'French Steve Jobs' shakes up mobile phone market

January 16, 2012 by Michael Mainville
Special offers on display at a Free store
A January 11 picture taken at a French internet service provider Free store in the French western city of Rouen shows mobile phones which are part of a special offer of the new Free mobile phone subscriptions. All of France's traditional mobile operators scurried to catch up after the launch, quickly announcing new packages and price cuts.

Hailed as the French Steve Jobs, entrepreneur Xavier Niel is shaking up the country's mobile phone market with a maverick style far removed from France's traditionally conservative business practices.

A rare business heavyweight not to emerge from the country's elite universities, Niel started his career in the 1980s operating adult chat services on a French forerunner to the Internet called Minitel.

In 2002 he launched Freeview, a pioneering set-top box that offered combined Internet, telephone and television services at a low-cost -- a market benchmark that drove prices down.

Now Niel is taking on mobile phones, offering unlimited calls, messaging and up to three gigabytes of data for 19.99 euros ($26) per month. Another package offers 60 minutes of calls and 60 text messages for two euros per month.

"We are sick and tired of being ripped off with the highest prices in Europe," Niel said at an event last week clearly inspired by Jobs, the former Apple CEO who died in October.

Wearing an open-necked shirt, strutting across the stage and cheered on by the company's fans, known as Freenauts, Niel lashed out at traditional French mobile operators and said his company was going to "liberate" consumers.

"This is some much-needed competition coming in to the French market.... They're obviously trying to shake things up," said Jessica Ekholm, an analyst with technology research group Gartner.

Gartner's research shows French consumers pay the most in western Europe for services, an average of 392 euros per year, compared with 274 euros in Britain and only 181 euros in Germany.

Free's website crashed as orders flooded in after the launch. The company has not announced how many users have signed up but Niel said on Friday that subscription rates were "above our expectations".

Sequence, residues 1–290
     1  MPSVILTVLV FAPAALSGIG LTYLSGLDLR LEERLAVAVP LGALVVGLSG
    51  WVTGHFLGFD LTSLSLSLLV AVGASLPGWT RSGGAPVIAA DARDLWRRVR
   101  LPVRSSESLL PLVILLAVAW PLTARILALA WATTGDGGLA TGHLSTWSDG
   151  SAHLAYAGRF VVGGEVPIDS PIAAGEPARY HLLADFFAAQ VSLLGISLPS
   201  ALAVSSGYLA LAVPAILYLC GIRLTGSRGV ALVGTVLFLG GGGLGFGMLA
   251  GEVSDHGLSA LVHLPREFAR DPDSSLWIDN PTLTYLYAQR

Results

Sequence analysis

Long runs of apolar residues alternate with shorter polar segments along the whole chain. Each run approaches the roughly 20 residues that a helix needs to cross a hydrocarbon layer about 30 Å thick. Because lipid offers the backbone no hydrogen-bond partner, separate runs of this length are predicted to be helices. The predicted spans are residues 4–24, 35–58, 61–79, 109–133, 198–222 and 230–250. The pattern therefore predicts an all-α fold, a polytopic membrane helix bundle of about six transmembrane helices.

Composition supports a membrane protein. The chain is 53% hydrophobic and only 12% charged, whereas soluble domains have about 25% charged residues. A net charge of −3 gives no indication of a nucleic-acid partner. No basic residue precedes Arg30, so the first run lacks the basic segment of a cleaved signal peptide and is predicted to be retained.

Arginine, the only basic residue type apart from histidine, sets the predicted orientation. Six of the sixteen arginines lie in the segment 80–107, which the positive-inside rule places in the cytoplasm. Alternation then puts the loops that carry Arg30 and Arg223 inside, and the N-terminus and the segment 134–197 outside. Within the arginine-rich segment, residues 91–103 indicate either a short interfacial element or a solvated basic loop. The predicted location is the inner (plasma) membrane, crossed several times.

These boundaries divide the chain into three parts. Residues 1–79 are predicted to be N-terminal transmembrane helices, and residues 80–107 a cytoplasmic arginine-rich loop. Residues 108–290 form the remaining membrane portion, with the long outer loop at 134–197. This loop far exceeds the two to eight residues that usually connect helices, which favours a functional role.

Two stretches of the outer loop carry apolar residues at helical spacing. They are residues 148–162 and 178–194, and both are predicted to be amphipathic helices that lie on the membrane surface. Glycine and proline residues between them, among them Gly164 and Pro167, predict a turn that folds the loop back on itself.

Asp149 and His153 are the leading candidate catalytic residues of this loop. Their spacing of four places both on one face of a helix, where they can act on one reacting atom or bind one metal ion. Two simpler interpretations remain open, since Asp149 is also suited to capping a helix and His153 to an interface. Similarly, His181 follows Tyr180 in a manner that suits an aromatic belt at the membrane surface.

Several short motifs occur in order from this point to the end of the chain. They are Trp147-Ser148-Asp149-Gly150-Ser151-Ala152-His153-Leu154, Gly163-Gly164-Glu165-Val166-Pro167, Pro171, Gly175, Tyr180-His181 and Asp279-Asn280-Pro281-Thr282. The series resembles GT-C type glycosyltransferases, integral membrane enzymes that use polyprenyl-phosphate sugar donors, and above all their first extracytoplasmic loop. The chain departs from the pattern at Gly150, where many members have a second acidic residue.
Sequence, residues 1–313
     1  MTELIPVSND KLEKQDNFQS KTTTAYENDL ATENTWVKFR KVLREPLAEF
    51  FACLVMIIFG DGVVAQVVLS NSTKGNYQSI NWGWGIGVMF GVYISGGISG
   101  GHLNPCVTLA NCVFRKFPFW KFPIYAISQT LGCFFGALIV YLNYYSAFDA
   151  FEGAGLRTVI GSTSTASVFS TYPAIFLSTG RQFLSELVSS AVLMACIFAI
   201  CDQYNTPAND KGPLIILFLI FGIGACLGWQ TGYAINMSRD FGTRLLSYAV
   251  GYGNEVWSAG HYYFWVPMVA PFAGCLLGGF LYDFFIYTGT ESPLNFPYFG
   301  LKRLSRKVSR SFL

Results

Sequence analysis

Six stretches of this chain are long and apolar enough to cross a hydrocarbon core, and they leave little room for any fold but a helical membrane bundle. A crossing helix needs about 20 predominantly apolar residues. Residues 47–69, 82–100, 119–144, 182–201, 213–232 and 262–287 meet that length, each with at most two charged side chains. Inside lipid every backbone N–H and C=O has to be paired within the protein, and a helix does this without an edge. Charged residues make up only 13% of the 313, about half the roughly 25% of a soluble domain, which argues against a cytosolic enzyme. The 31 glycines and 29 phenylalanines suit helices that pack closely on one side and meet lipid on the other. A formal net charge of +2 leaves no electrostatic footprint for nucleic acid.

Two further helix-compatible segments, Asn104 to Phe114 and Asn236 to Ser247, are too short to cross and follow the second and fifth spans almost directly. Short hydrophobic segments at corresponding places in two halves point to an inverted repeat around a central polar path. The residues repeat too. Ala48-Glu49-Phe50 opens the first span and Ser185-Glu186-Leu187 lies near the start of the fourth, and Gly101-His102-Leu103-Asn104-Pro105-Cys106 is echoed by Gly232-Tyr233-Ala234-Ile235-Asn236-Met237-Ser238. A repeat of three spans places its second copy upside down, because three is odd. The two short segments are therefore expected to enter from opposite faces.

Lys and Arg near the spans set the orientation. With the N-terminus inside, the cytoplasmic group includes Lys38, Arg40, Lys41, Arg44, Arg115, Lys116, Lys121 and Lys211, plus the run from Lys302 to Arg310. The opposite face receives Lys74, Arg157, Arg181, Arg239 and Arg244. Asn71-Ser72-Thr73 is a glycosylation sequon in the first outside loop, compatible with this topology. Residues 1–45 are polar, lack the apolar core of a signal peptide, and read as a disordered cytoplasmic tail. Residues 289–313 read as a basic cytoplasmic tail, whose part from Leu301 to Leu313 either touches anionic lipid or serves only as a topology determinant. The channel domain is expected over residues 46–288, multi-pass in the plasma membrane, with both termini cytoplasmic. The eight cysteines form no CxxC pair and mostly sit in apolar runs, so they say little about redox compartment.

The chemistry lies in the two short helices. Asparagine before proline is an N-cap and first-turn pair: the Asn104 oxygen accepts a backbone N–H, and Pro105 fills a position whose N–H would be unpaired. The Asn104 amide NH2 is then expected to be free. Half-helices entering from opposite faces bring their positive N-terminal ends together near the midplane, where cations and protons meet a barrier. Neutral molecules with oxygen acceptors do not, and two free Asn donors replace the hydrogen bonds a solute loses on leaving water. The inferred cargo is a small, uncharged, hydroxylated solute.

All of France's traditional scurried to catch up after the launch, quickly announcing new packages and price cuts.

Market leader Orange offered three new packages of between 9.90 and 24.90 euros per month, followed by providers SFR, owned by Vivendi, Virgin Mobile and Bouygues with similar plans.

"The fact that Free arrived with this price clearly rebooted competition, which was largely absent on the market. Traditional operators were working up to now with a gross margin of 30 to 40 percent," said Olivier Gayraud of French consumer-rights group CLCV.

Shares in Free's parent company Iliad hit a 52-week high after the mobile service was launched, boosting Niel's fortune -- already estimated as France's eighth largest at 2.7 billion euros. He owns about 64 percent of Iliad.

The move also cemented the reputation of a businessman known for bucking the establishment.

Few doubt his businessmen acumen. Before creating Free, he had launched an innovative reverse directory on the Minitel and France's first Internet provider, WorldNet, which he sold in 2000 for 40 million euros.

But Niel, 44, has also raised eyebrows in the French business world with a series of flamboyant moves, including the joint purchase of newspaper Le Monde despite a bid by President Nicolas Sarkozy to stop him.

He also bought of 50 percent of the rights to the song "My Way".

Analysts said his latest move is also riskier than it at first appears.

Free is not expected to have a full coverage network of its own until 2018 and in the meantime is renting much of its bandwidth from rival Orange.

And it is only offering the low-cost rate to the first three million subscribers -- raising questions about how long it can keep its promise of "freeing" consumers from higher prices.

"This is a pretty strong offering," Ekholm said. "The question is how long they can go on with it."

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4.3 / 5 (6) Jan 16, 2012
I fail to see the correlation between this guy and Steve Jobs. It sounds to me like this man tries to make things affordable and trim the price gouging. Steve Jobs did the opposite, trying to sqeeze every dime out of every product, making all software as uncompatible and proprietary as possible. I hate when media just looking for a eye catching headine tries to compair two completely opposite thinking people.
not rated yet Jan 16, 2012
jalmy, exactly!
not rated yet Jan 16, 2012
He has legs, arms, a face... what more do you want? Totally like Steve. Pretty sure he was wearing pants too, just-like-Steve.
1 / 5 (1) Jan 16, 2012
This is big news for a country like France where business is even more tied down by a few companies than it is in the US. As far as the correlation, it's a cultural one. It's meant as a way to boost moral by saying that the French too have innovative people.

As far as the comment: "making all software as uncompatible and proprietary as possible" Seriously? Don't see it like and have no problems working with my poor colleagues still stuck on hole ridden infested bug, virus and trojan Windows. I'm the one who has to slow down waiting for the their machines to start up, up date, clean messy virus, run spy bots... LOL Seriously uncompatible? Even the Microsoft Office sales team uses Apple latops because, and I quote: "It just works better".
5 / 5 (1) Jan 16, 2012
Steve who?
1 / 5 (1) Jan 17, 2012
Is this French guy a complete asshole like "The Jobe" was?

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